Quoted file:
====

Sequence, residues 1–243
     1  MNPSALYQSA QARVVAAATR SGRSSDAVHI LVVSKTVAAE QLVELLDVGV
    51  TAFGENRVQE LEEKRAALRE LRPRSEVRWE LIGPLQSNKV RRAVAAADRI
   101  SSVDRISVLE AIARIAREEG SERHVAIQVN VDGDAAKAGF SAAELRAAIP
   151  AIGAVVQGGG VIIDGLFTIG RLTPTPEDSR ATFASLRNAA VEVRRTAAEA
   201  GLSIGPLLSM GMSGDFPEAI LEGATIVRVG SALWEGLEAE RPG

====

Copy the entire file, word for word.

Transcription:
Sequence, residues 1–243
     1  MNPSALYQSA QARVVAAATR SGRSSDAVHI LVVSKTVAAE QLVELLDVGV
    51  TAFGENRVQE LEEKRAALRE LRPRSEVRWE LIGPLQSNKV RRAVAAADRI
   101  SSVDRISVLE AIARIAREEG SERHVAIQVN VDGDAAKAGF SAAELRAAIP
   151  AIGAVVQGGG VIIDGLFTIG RLTPTPEDSR ATFASLRNAA VEVRRTAAEA
   201  GLSIGPLLSM GMSGDFPEAI LEGATIVRVG SALWEGLEAE RPG